WMU News

WMU to host solar race teams from around the globe

May 9, 2001

KALAMAZOO -- Auto buffs from around the region will get a look at what the cars of the future may look like when solar race car teams from around the world bring their vehicles to Western Michigan University to qualify for this year's American Solar Challenge cross-country race.

More than 50 solar race teams with a total of as many as 1,200 people will arrive in Kalamazoo beginning Saturday, July 7. The teams represent the nation's top engineering schools as well as corporate and club teams from around the world. They will come to WMU for the week prior to this year's solar race to take part in the Western Michigan University Formula Sun Grand Prix, which has been designated as a final qualifying event for the national event.

After successfully completing inspections and road tests at WMU and at South Haven's Ginger Man Racetrack, the teams will head to Chicago for the start of the July 15-25 American Solar Challenge. The 2001 version of the biennial solar race will begin in front of the Museum of Science and Industry and conclude 10 days later in Los Angeles with the racers following historic Route 66 to complete the race's 2,300 miles-all without consuming a single drop of fuel.

Western Michigan University's solar car, Sunseeker, is among the cars entered in this year's event, which is sponsored by the U.S. Department of Energy and its National Renewable Energy Laboratory in Golden, Colo., and by Terion, a wireless communication firm with headquarters in Melbourne, Fla. The 2001 race is 1,000 miles longer than Sunrayce 99, the last collegiate solar race, which took entrants from Washington, D.C. to Orlando, Fla.

"The American Solar Challenge is about creativity and creativity is the heart of engineering," says Dr. Daniel Litynski, dean of WMU's College of Engineering and Applied Sciences. "It's taking the latest science to solve people's problems and make life better. This event is a chance to see teams of the best engineering students from around the world competing against each other and on the road from Chicago to Los Angeles. My advice is quite simple--don't miss it!"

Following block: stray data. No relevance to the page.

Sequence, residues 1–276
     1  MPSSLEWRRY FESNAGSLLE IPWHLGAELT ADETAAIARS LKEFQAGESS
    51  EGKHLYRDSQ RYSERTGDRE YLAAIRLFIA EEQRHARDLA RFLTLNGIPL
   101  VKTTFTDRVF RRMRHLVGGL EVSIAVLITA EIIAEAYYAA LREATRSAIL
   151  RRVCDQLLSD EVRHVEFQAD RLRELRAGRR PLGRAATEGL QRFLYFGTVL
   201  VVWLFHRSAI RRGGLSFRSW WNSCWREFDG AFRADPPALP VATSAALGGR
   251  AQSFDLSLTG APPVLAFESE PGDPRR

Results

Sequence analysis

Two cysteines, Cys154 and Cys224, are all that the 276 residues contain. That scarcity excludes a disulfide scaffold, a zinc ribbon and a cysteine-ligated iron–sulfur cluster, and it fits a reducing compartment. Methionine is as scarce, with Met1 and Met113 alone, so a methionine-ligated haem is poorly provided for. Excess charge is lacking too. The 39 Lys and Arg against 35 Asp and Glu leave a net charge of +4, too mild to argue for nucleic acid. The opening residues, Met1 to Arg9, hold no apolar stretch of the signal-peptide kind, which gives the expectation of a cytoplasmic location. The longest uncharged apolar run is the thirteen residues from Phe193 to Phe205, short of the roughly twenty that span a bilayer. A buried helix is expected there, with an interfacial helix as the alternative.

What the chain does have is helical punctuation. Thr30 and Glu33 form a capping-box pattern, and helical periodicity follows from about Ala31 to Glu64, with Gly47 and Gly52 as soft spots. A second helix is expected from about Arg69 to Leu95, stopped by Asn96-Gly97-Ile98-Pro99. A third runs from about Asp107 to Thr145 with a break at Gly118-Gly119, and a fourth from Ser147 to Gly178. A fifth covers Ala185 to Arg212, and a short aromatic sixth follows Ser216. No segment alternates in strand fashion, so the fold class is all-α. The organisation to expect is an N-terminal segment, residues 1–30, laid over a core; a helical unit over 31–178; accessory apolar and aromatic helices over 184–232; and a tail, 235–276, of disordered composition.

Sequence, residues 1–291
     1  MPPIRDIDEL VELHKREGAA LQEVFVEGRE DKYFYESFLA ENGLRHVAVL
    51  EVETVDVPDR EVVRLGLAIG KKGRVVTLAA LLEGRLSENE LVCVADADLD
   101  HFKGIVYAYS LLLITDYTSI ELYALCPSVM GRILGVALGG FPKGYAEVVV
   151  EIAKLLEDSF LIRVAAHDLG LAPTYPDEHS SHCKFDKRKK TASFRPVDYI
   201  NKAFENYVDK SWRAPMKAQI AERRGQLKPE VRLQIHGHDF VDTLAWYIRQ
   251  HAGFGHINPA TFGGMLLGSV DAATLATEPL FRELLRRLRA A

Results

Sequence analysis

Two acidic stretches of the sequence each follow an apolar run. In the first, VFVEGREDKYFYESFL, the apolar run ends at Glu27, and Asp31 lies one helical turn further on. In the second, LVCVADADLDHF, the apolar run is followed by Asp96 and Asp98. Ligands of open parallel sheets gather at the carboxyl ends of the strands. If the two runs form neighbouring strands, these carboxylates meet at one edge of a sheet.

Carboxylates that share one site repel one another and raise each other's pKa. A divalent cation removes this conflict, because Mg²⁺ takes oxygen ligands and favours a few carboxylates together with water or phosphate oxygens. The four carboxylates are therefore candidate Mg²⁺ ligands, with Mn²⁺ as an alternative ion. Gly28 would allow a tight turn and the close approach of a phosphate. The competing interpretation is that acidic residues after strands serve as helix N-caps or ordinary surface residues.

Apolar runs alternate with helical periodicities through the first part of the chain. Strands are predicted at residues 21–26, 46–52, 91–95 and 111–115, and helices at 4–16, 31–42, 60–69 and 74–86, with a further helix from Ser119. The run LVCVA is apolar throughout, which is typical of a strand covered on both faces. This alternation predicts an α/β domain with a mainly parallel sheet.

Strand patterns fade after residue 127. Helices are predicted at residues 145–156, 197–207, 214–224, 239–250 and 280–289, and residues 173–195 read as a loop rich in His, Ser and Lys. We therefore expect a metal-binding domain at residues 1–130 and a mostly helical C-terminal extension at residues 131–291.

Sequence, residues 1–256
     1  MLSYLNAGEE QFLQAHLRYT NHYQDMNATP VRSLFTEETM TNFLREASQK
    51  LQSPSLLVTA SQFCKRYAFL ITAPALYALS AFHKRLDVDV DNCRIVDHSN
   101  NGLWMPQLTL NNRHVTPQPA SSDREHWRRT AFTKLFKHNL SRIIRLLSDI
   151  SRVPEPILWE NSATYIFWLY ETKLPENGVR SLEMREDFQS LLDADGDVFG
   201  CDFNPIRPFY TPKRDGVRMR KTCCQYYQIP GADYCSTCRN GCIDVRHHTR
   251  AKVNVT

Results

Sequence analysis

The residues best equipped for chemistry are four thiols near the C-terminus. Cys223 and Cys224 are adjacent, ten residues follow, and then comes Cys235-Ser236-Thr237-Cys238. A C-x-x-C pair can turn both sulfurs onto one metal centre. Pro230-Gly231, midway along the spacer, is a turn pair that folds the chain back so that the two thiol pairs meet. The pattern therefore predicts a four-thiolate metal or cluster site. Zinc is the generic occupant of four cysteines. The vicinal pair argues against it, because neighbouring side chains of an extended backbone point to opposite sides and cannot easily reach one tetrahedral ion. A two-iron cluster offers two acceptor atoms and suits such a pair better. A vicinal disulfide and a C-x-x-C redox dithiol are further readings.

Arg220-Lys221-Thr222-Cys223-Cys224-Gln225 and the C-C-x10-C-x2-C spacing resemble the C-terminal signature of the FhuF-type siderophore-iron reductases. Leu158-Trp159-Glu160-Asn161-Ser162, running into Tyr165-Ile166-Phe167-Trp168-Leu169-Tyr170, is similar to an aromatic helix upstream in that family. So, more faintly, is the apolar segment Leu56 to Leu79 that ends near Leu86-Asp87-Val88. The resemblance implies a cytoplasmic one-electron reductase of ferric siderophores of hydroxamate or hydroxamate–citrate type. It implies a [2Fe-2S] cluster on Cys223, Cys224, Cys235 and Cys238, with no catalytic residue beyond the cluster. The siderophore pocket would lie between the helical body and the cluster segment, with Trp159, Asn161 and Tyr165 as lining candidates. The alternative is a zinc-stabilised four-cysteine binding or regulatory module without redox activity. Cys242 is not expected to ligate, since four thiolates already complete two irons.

While in Kalamazoo, solar race cars will spend three days, Monday through Wednesday of the qualifying week, on the WMU campus undergoing "scrutineering"-an inspection process to make sure cars are roadworthy and meet all ASC requirements for this year's race. At stations in the Miller Auditorium parking ramp and on lots surrounding WMU's College of Engineering and Applied Sciences in Kohrman Hall, the cars will be tested for steering and braking performance and for such safety processes as rapid driver ejection.

Upon successful completion of those tests, race teams will take their cars to South Haven for two days of qualifying events Thursday and Friday, July 12 and 13, on the Ginger Man track. Members of the public are welcome to attend all the qualifying activities.

Racers will take off from the Museum of Science and Industry Sunday, July 15. The start of the race caps a two-week outdoor solar exhibit at the museum that will include a giant electronic message board featuring race information and using solar technology similar to that used by cars entered in the ASC.

"The Museum of Science and Industry is delighted to be part of the American Solar Challenge," says Keith Gill, a 1988 WMU alumnus who is curator of transportation and the U-505 Submarine Exhibit. "Our fascinating mix of historic and current technology exhibits make the race a perfect fit with our mission to educate the public about cutting-edge technology."

From the start in Chicago, racers will continue along Route 66 through Illinois, Missouri, Oklahoma, Texas, New Mexico, Arizona and into California. The race will conclude in Claremont, Calif.

WMU students have been active in national solar racing since the first Sunrayce was held in 1990. During that and subsequent races in 1993, 1995, 1997 and 1999, WMU teams have raced using the name Sunseeker for each of their entries. In all, WMU has built four cars. This year's entry is a revamped version of the team's popular and successful Sunseeker 95 vehicle.

WMU is one of only eight schools in the nation and the only Michigan school to have competed in and finished all five solar races to date. This year, three other Michigan schools-the University of Michigan with its veteran solar racers, and newcomers Michigan State University and Michigan Technological University--also will compete.

For more information, visit the Formula Sun Web site, <www.formulasun.org> and click on American Solar Challenge.

Media contact: Cheryl Roland, 616 387-8400, cheryl.roland@wmich.edu

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